[Question #6897] Herpes

10 months ago
When I got genital herpes, it was from one of two partners I was with at the same time. The second partner had her initial outbreak 3 days after my initial outbreak (4-13 days after I contracted it), so I'm pretty sure we both got it from the first partner. The thing is, if I gave it to the second partner that would mean I was contagious for a few days/weeks but didn't shown symptoms yet. Can you be contagious before your initial outbreak if you only just got it a few days/weeks prior? How long does it take for the body to begin viral shedding? 
Terri Warren, RN, Nurse Practitioner
Terri Warren, RN, Nurse Practitioner
9 months ago
Yes, you can be contagious before you show any signs of herpes if it was just acquired.  I don't think we have the exact data about when viral shedding starts, but we know it can happen before you have symptoms.  Does that answer your question?

Terri
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9 months ago

Yes that makes sense. I'm wondering, however, how if the CDC that says that some people can go beyond the normal incubation period (2-12 days) and show little or no symptoms, does that delay only apply to people who have mild symptoms? In my case, my initial outbreak (severe symptoms) was either four days or a few weeks after contracting it. Is it possible to unknowingly have it for weeks, months, or even years before having an initial outbreak that severe? 

Terri Warren, RN, Nurse Practitioner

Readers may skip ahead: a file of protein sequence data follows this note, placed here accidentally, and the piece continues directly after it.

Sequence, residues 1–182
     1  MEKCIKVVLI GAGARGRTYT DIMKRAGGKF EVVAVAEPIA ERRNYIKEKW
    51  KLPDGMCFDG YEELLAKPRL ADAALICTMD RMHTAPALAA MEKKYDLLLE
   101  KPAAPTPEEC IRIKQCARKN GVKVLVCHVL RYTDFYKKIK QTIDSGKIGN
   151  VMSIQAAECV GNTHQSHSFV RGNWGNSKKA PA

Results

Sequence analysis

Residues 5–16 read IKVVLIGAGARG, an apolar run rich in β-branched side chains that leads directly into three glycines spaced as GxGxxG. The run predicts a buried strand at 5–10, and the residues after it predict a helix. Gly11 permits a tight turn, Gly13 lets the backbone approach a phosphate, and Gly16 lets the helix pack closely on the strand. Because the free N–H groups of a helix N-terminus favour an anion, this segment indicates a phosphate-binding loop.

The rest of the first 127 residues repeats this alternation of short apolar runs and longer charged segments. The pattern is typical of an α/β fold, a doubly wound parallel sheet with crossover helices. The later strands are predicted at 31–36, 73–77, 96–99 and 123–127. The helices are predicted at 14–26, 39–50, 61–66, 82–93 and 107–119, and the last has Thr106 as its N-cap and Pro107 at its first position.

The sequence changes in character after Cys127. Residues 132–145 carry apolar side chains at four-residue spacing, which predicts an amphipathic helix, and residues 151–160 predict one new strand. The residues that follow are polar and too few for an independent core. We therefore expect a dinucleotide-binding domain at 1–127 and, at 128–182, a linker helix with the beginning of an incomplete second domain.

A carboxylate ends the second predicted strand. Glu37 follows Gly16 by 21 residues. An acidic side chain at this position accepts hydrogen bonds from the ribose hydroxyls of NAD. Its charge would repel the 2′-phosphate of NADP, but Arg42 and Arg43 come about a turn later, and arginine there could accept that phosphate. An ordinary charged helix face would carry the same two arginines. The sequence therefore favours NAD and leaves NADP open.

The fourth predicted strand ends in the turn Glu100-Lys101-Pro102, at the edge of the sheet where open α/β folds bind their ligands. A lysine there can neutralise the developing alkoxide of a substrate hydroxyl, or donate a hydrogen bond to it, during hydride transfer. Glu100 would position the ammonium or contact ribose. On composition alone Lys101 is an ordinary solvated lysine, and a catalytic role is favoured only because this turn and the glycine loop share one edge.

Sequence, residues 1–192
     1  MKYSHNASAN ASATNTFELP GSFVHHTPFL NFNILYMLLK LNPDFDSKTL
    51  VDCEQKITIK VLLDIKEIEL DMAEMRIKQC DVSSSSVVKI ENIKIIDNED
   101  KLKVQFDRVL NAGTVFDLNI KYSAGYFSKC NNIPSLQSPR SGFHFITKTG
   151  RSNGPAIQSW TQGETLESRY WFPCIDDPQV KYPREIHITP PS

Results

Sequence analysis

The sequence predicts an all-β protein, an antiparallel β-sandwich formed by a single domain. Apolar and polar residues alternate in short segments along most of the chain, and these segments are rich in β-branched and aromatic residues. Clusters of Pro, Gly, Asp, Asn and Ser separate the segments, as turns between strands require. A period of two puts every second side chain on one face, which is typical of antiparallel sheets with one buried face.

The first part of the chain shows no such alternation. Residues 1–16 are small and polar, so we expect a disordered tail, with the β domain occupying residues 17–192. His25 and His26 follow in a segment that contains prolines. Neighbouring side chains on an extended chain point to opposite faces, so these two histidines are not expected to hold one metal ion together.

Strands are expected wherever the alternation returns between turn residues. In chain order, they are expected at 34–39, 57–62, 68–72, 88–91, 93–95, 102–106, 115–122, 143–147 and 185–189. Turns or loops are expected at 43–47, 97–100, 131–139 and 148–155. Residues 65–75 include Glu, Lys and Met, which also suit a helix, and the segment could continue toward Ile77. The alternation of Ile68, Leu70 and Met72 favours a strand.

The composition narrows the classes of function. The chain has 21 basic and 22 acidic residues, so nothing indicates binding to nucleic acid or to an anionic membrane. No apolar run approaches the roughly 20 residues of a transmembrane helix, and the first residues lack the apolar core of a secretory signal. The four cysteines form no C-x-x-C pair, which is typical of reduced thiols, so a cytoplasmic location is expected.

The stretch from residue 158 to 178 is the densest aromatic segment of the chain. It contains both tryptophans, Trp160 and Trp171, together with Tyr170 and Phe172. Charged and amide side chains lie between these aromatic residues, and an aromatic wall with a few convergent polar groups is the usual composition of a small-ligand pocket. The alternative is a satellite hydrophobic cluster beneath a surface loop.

Terri Warren, RN, Nurse Practitioner
9 months ago
The nature of the outbreak helps a bit to sort out whether it is new or a recurrence.  Primary outbreaks are most often bilateral (both sides of the genitals), lymph nodes are enlarged, there are often flu symptoms, like aching muscles, light sensitivity, difficulty urinating or defacating.  Without treatment, primary outbreaks can last 3 weeks.   But even with this, it isn't 100 % certain that this would be a primary outbreak.  It is possible to have this without knowing it for months or years.

Terri
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9 months ago
So does that mean it's possible for a recurring outbreak to be more severe (pain-wise and number of sores) than an initial outbreak? Isn't the initial outbreak meant to be the most severe? Or is it unlikely to have had an initial outbreak in the past that was so mild it went unnoticed but then to have an outbreak later that was so severe it had all the "initial outbreak" signs but wasn't actually the initial outbreak? For me, my "initial outbreak" only had sores on the right side of the penis. Does that mean it wasn't initial?
Terri Warren, RN, Nurse Practitioner
Terri Warren, RN, Nurse Practitioner
9 months ago
No, that isn't what I mean.  A primary outbreak is almost always more severe than recurrences.  Could there be exceptions?  Yes.  These exceptions occur most often in pregnancy. 
It is possible to have a mild primary outbreak that goes unnoticed or is attributed to something else, and then have another outbreak (recurrence) that is more remarkable, yes.  The only way to really know if you are having a primary infection vs. a recurrence is to have a negative antibody test with one outbreak, followed weeks later with a positive antibody test.   I suspect you don't have that information available to you.  It's frustrating sometimes not to know if an infection is new or established, isn't it?

Terri
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